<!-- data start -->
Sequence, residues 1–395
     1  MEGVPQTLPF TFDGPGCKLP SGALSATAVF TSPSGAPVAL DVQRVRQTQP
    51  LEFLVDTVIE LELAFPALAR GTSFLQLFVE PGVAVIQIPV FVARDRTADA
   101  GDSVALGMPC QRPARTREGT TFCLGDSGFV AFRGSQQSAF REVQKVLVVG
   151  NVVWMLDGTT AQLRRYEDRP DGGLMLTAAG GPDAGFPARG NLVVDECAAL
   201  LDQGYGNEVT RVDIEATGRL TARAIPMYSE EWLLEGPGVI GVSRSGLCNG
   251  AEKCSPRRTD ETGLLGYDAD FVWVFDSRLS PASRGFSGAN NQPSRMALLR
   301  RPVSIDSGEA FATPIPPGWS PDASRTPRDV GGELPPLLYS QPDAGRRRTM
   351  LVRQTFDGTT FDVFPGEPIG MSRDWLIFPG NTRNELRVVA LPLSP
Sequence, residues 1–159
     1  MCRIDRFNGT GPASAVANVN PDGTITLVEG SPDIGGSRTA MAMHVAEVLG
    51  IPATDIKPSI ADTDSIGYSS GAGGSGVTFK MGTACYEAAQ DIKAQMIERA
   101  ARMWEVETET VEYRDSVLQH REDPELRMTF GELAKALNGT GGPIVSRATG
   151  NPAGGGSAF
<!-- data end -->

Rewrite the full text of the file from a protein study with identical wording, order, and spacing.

Sequence, residues 1–395
     1  MEGVPQTLPF TFDGPGCKLP SGALSATAVF TSPSGAPVAL DVQRVRQTQP
    51  LEFLVDTVIE LELAFPALAR GTSFLQLFVE PGVAVIQIPV FVARDRTADA
   101  GDSVALGMPC QRPARTREGT TFCLGDSGFV AFRGSQQSAF REVQKVLVVG
   151  NVVWMLDGTT AQLRRYEDRP DGGLMLTAAG GPDAGFPARG NLVVDECAAL
   201  LDQGYGNEVT RVDIEATGRL TARAIPMYSE EWLLEGPGVI GVSRSGLCNG
   251  AEKCSPRRTD ETGLLGYDAD FVWVFDSRLS PASRGFSGAN NQPSRMALLR
   301  RPVSIDSGEA FATPIPPGWS PDASRTPRDV GGELPPLLYS QPDAGRRRTM
   351  LVRQTFDGTT FDVFPGEPIG MSRDWLIFPG NTRNELRVVA LPLSP
Sequence, residues 1–159
     1  MCRIDRFNGT GPASAVANVN PDGTITLVEG SPDIGGSRTA MAMHVAEVLG
    51  IPATDIKPSI ADTDSIGYSS GAGGSGVTFK MGTACYEAAQ DIKAQMIERA
   101  ARMWEVETET VEYRDSVLQH REDPELRMTF GELAKALNGT GGPIVSRATG
   151  NPAGGGSAF